The Last Resort: Woke and Sleep

by Albert Vorspan   SOMEHOW, I am always out of step with the spirit of the times. For example, in the 1960s our kids were hip and dressed in ragamuffin clothes, with hair down to their knees. My wife Shirley and I marched with them for civil rights and against the war in Vietnam, but we […]

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Bella Abzug and Women Strike for Peace

Bella Abzug, along with co-founder Dagmar Wilson (not Jewish), launched Women Strike for Peace (WSP) on this date in 1961, when some 50,000 women, mostly middle-class mothers of young children in over sixty communities, demonstrated to demand that President John F. Kennedy “End the Arms Race — Not the Human Race.” This was prompted by the […]

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Fantasyland vs. The Counterculture

by Lawrence Bush Discussed in this essay: Fantasyland: How America Went Haywire, by Kurt Andersen. Random House, 2017, 462 pages.   WHEN MY SON Jonah was about 8, he articulated his first generalization about human beings, based on his perceptions of our none-too-diverse community in the Mid-Hudson Valley of New York. “Dad,” he said, “I think there […]

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Highways of Racism, from Charlottesville, VA to Hartford, CT

by Richard Greeman   A WELL-RESEARCHED article by John Eligan in the August 18 New York Times goes beyond denouncing the symbolic racism of Charlottesville’s Confederate statues to expose the more pernicious structural racism embedded in the separate-but-unequal physical segregation of the city. Ironically, this segregation was imposed, not during the rise of the KKK in the 1920s, but […]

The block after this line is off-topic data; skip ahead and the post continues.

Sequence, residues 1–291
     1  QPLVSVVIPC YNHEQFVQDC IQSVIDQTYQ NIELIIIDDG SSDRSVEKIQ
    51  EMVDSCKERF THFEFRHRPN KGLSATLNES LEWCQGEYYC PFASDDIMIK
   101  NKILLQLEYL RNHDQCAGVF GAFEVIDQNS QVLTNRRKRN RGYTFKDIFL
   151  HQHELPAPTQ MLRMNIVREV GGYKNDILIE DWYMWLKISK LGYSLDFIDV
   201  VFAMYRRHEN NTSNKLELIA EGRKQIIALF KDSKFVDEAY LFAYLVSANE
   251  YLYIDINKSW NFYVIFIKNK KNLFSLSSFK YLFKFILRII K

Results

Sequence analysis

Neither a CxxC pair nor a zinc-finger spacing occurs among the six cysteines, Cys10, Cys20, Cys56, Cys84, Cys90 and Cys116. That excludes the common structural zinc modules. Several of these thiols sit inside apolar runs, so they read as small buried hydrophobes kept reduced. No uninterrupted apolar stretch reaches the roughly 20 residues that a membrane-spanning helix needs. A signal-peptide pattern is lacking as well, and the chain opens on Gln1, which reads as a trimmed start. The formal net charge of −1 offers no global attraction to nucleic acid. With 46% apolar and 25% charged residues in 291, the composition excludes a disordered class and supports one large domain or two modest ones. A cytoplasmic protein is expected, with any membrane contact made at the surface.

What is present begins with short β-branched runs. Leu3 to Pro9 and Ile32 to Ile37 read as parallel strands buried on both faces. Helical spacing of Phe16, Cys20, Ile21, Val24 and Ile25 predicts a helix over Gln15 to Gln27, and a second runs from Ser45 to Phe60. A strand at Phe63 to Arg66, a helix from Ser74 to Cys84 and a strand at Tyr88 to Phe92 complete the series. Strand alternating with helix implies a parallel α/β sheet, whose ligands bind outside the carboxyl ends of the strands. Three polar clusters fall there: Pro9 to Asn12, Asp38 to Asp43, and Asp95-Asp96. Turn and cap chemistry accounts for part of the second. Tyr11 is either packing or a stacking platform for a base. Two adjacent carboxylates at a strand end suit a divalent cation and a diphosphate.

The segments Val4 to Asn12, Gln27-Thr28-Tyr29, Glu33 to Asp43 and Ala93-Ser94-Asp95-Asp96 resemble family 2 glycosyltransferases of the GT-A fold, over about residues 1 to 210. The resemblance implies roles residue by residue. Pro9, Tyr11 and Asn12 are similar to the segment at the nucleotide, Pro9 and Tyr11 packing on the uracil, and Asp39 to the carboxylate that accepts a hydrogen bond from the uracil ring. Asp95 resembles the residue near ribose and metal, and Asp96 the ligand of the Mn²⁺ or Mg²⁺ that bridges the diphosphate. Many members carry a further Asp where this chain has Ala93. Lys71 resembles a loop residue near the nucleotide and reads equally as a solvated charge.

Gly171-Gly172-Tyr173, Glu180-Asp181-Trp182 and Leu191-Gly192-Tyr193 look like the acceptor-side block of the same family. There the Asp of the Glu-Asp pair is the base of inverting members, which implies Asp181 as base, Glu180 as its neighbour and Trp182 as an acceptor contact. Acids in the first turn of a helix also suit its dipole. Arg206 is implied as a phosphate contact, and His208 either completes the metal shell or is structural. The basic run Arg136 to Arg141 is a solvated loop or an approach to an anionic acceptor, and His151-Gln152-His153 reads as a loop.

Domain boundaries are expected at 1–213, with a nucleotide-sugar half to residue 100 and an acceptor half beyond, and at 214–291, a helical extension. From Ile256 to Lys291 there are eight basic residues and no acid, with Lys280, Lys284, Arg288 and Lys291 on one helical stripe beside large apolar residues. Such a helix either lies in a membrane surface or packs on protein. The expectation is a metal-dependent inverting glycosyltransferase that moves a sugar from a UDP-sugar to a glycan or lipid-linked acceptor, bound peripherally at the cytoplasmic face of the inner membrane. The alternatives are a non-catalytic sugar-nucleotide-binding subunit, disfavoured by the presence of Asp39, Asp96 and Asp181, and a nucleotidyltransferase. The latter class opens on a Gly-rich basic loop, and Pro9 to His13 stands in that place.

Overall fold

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Nixon’s Surgeon General

Jesse L. Steinfeld, a professor of medicine who became the country’s eleventh Surgeon General during Richard Nixon’s first term as president and used his office to challenge the tobacco industry, died at 87 on this date in 2014. Dr. Steinfeld was a top official at the National Cancer Institute under President Johnson before becoming Surgeon General in […]

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The Short Season

HUSTLING FULL-TIME IN THE CATSKILLS by Elliot Podwill   MY PARENTS BLUNDERED badly in 1945, a year after I was born. They lived in what is today the South Bronx, and my father made the long commute to Brooklyn to work in the huge Navy Yard. The war years brought him prosperity as a welder of […]

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One Fine Day at a Stoned Soul Picnic

Two songs made into hits by black vocalists and written by white Jewish songwriters were released on this date in 1963 and 1968, respectively: “One Fine Day,” recorded by the Chiffons and written by Carole King and Gerry Goffin; and “Stoned Soul Picnic,” recorded by The Fifth Dimension and written by Laura Nyro. “One Fine Day” hit the top five on the Billboard […]

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Building the Myth: Capitalism = Democracy

by George Salamon “[T]he liberty of a democracy is not safe if the people tolerate the growth of private power to a point where it becomes stronger than the Democratic State itself.” —Franklin D. Roosevelt, address to Congress, 1938 WE REACHED that point years ago. A 2014 study by two political scientists concluded: “[O]ur analyses […]

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Be Here Now

Spiritual explorer and writer Ram Dass, whose 1971 book, Be Here Now, introduced many, many baby boomers to meditation, mindfulness, and Eastern spirituality, was born Richard Alpert in Newton, Massachusetts on this date in 1931. Alpert partnered with Timothy Leary in conducting experiments with LSD at Harvard University, where both were faculty members ; they […]

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